The performance of most digital systems today is limited by their communication or interconnection, not by their logic or memory. As designers strive to make more efficient use of scarce interconnection bandwidth, interconnection networks are emerging as a nearly universal solution to the system-level communication problems for modern digital systems.
Interconnection networks have become pervasive in their traditional application as processor-memory and processor-processor interconnect. Point-to-point interconnection networks have replaced buses in an ever widening range of applications that include on-chip interconnect, switches and routers, and I/O systems.
In this book, the authors present in a structured way the basic underlying concepts of most interconnection networks and provide representative solutions that have been implemented in the industry or proposed in the research literature.
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Foreword to the First Printing
Message Switching Layer
Deadlock, Livelock, and Starvation
Messaging Layer Software
Formal Definitions for Deadlock Avoidance
José Duato received MS and PhD degrees in electrical engineering from the Universidad Politecnica de Valencia, Spain, in 1981 and 1985. Currently, Dr. Duato is Professor in the Department of Computer Engineering (DISCA), and adjunct professor in the Department of Computer and Information Science, The Ohio State University.
His current research interests include high-speed interconnects, multiprocessor architectures, cluster architectures, and IP routers. Dr. Duato proposed the first theory of deadlock-free adaptive routing for wormhole networks. This theory has been used in the design of the routing algorithms for the MIT Reliable Router, the Cray T3E router, and the on-chip router of the Alpha 21364 microprocessor. Dr. Duato is currently collaborating with IBM on the design of the interconnection network for the IBM BlueGene/L supercomputer, and on the next generation of the IBM PRIZMA switch for IP routers.
Dr. Duato served as a member of the editorial board of IEEE Transactions on Parallel and Distributed Systems and he is currently serving as associate editor of IEEE Transactions on Computers. He has been the General Co-Chair for the 2001 International Conference on Parallel Processing. Also, he served as Co-Chair, member of the Steering Committee, Vice-Chair, or member of the Program Committee in more than 30 conferences, including the most prestigious conferences in his field (HPCA, ISCA, IPPS/SPDP, ICPP, ICDCS, Europar, HiPC).
Sudhakar Yalamanchili Georgia Institute of Technology.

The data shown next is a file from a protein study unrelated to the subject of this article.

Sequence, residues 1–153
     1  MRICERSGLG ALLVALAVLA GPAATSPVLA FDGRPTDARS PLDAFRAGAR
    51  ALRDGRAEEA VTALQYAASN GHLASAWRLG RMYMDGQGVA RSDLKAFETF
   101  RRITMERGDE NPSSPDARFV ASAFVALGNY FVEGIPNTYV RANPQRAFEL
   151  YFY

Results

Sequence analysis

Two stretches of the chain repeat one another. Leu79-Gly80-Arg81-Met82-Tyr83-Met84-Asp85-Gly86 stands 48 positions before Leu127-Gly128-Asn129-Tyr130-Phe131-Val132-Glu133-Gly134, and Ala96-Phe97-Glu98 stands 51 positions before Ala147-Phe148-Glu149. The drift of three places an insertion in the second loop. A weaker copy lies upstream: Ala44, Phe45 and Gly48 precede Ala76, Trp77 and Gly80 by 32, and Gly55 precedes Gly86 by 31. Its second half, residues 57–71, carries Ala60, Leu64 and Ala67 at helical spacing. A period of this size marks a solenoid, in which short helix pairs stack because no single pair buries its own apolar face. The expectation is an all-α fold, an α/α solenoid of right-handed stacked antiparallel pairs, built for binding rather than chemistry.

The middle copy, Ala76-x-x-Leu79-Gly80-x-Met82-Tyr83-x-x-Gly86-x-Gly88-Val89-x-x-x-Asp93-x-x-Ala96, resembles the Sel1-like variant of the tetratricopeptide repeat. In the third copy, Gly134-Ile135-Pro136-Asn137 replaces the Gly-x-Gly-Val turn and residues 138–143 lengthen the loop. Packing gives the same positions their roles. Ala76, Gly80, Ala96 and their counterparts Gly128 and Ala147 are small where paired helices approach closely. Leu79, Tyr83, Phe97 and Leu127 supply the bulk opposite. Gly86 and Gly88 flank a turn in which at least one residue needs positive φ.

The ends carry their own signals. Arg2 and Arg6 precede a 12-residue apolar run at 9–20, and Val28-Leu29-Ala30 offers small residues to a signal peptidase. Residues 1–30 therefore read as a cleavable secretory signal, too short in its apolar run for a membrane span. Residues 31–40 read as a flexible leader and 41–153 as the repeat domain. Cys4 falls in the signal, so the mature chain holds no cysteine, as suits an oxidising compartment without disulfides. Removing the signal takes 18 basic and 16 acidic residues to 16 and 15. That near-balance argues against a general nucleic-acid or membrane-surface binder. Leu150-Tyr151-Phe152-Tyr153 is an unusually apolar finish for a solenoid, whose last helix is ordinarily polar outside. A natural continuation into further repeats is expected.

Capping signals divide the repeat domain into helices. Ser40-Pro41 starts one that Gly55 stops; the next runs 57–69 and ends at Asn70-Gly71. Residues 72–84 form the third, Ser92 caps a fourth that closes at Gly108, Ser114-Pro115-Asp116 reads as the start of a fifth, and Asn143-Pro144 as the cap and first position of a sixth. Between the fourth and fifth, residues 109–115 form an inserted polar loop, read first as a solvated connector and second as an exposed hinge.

Sudhakar Yalamanchili received the BE degree in Electronics from Bangalore University, India in 1978, and the MS and PhD degrees in Electrical and Computer Engineering from the
University of Texas at Austin in 1980 and 1984, respectively.
He was a Senior and then Principal Research Scientist at the Honeywell Systems and Research Center in Minneapolis from 1984 to 1989 where he was the Principal Investigator for projects in the design and analysis of multiprocessor architectures for embedded applications. Since 1989 he has been on the faculty at the Georgia Institute of Technology where he is currently Professor of Electrical and Computer Engineering. He is the author of the texts VHDL Starter's Guide and Introductory VHDL: From Simulation to Synthesis from Prentice Hall (2000). His current research interests are lay in the intersection of system area networks, configurable computing technologies, and high speed switching and routing. His current projects focus on the development of high-speed switching substrates for supporting data intensive communication.
Dr. Yalamanchili is a member of the ACM and Senior Member of the IEEE. He has served as an associate editor for the IEEE Transactions on Parallel and Distributed Systems and IEEE
Transactions on Computers and serves in program committees for international conferences in the area of high performance computing systems.
Lionel Ni Professor and Head of Computer Science Department at Hong Kong University of Science and Technology.
Lionel M. Ni earned his PhD degree in electrical and computer engineering from Purdue University, West Lafayette, IN, in 1980. He is Professor in the Computer Science and Engineering Department at Michigan State University. His research interests include parallel architectures, distributed systems, high-speed networks, and pervasive computing. A fellow of IEEE, Dr. Ni has chaired many professional conferences and received a number of awards
for authoring outstanding papers. His paper (with Chris Glass) ``The Turn Model for Adaptive Routing'' was selected as one of the 41 most significant impact papers in the last 25 years in computer architecture in 1998. He also won the Michigan State University Distinguished Faculty Award in 1994.
Dr. Ni has served as an associate editor for the IEEE Transactions on Parallel and Distributed Systems and IEEE Transactions on Computers.